YVON SLINGERBERG: The Paris Agreement is absolutely unique in that it covers the whole world. All countries have signed up to it and, of course, from a legal perspective, the novelty is really that the commitments under this agreement are you could say voluntary, but they are nationally determined, that is the official term, nationally determined contributions, but it means that the countries have proposed them themselves and will therefore be very committed to deliver on them and to implement these commitments and it covers the whole world, so all parties will contribute to reducing emissions globally.
This is a global problem we can only solve together and, of course, very, very important that the emerging economies, which cover the biggest chunk of greenhouse gas emissions, are also contributing to this fight and even that the countries that are not yet emerging economies but will have important economic choices to make, that we show them there is a low-carbon economic pathway that they can follow for their development. So, this is the common approach to deliver on the goals which is to stabilize greenhouse gas emissions and absorption of carbon globally by everybody contributing, so that we fight the most disastrous consequences of climate change.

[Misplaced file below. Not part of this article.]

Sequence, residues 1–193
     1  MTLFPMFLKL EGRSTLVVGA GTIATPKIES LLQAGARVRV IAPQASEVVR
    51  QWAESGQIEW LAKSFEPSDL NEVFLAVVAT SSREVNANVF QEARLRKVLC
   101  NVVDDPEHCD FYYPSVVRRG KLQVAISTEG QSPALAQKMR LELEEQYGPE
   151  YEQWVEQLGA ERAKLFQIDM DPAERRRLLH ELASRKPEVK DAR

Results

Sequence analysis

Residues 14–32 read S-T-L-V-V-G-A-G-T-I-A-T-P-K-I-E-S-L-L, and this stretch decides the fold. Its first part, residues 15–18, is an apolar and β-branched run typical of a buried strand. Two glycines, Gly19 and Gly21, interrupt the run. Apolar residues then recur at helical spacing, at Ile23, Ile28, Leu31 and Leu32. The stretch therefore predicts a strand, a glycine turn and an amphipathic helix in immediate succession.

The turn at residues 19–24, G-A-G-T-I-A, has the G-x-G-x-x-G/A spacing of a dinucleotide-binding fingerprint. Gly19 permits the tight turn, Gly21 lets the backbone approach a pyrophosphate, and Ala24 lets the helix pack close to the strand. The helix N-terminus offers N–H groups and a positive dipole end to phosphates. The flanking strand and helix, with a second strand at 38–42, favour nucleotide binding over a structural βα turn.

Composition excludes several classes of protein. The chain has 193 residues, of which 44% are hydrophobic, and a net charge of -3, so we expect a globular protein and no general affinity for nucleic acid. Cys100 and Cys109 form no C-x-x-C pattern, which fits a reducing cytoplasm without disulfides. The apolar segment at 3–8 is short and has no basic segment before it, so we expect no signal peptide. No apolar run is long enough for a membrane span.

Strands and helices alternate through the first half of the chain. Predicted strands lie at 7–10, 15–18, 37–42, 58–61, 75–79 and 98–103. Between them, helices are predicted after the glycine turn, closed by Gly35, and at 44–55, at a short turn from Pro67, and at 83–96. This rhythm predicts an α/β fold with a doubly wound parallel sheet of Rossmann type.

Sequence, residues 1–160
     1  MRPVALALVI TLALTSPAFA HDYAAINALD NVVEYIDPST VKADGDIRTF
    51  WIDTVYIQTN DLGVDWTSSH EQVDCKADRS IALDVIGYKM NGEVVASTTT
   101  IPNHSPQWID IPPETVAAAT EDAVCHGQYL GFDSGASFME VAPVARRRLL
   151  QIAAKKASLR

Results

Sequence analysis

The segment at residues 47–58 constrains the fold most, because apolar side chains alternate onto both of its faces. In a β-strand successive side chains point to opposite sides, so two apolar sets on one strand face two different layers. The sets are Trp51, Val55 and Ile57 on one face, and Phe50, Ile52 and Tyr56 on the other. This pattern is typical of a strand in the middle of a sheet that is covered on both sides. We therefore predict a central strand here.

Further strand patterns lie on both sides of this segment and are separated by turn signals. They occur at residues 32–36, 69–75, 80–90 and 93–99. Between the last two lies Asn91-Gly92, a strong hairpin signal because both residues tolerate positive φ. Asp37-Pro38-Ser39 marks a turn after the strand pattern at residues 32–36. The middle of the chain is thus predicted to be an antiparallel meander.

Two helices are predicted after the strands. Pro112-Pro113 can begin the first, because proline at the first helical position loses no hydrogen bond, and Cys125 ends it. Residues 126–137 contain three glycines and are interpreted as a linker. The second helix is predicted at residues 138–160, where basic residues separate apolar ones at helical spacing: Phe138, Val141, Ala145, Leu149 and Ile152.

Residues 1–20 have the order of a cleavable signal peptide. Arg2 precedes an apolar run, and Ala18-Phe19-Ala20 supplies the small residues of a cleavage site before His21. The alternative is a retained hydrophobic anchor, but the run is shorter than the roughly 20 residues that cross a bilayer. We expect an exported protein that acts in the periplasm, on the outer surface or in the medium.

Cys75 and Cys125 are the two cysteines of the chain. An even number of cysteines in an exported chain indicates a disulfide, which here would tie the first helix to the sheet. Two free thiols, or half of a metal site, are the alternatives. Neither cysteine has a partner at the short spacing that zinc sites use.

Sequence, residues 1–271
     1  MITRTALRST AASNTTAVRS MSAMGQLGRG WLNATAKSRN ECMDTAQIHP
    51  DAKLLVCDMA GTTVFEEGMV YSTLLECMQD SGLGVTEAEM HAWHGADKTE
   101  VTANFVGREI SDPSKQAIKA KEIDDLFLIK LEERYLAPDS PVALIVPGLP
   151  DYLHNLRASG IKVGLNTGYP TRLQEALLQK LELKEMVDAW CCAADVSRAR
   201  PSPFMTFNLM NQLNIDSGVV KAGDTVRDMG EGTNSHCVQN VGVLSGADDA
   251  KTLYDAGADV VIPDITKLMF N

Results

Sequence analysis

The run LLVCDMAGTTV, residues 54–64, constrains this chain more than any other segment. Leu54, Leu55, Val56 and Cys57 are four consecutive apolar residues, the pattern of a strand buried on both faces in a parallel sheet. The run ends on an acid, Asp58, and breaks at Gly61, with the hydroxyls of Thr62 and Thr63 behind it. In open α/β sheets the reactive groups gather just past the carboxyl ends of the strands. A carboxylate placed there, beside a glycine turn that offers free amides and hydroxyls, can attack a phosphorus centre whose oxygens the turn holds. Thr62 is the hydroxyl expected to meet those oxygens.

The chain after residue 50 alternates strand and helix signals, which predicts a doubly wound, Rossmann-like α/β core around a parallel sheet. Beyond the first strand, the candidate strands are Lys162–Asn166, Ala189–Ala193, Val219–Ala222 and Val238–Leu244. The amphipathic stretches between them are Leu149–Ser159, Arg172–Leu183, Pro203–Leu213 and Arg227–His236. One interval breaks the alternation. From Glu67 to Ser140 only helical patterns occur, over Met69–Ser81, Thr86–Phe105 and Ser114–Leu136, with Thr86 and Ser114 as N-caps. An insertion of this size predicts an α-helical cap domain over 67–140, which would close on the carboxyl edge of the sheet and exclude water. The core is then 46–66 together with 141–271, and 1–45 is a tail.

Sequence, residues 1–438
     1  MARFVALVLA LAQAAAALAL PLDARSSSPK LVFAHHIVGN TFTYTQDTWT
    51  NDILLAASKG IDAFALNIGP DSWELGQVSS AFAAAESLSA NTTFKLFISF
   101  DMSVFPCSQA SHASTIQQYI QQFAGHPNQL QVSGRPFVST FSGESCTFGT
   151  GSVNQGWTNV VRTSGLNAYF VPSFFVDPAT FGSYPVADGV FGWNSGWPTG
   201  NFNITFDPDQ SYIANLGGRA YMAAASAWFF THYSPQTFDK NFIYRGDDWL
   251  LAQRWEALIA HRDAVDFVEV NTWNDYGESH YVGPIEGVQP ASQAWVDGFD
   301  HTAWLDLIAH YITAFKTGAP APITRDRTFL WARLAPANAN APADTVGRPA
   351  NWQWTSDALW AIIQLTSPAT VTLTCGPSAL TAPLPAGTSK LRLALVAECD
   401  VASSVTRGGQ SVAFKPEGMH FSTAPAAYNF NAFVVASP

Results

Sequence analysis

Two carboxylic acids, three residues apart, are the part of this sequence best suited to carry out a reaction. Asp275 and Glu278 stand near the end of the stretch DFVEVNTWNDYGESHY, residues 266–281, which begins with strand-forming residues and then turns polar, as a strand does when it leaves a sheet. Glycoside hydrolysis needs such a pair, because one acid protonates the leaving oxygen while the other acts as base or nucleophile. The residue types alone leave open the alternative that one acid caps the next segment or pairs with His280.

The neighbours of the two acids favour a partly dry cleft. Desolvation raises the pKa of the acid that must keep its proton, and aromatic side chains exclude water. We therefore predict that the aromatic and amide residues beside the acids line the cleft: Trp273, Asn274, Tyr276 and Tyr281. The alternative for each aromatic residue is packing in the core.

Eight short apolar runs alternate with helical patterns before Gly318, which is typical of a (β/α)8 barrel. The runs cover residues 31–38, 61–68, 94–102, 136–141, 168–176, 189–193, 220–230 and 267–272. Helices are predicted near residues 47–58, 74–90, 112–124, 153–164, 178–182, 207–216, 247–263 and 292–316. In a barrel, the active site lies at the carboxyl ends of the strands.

So, the goal and everybody contributing is absolutely a novel, I would say, approach which we hope will tackle this global problem.
JOS DELBEKE: But you mentioned the nationally determined contributions, are they all delivering on their promises that they were making under the Paris Agreement? Because here and there I hear worrying sounds as if some are doing a lot, but others are dragging their feet.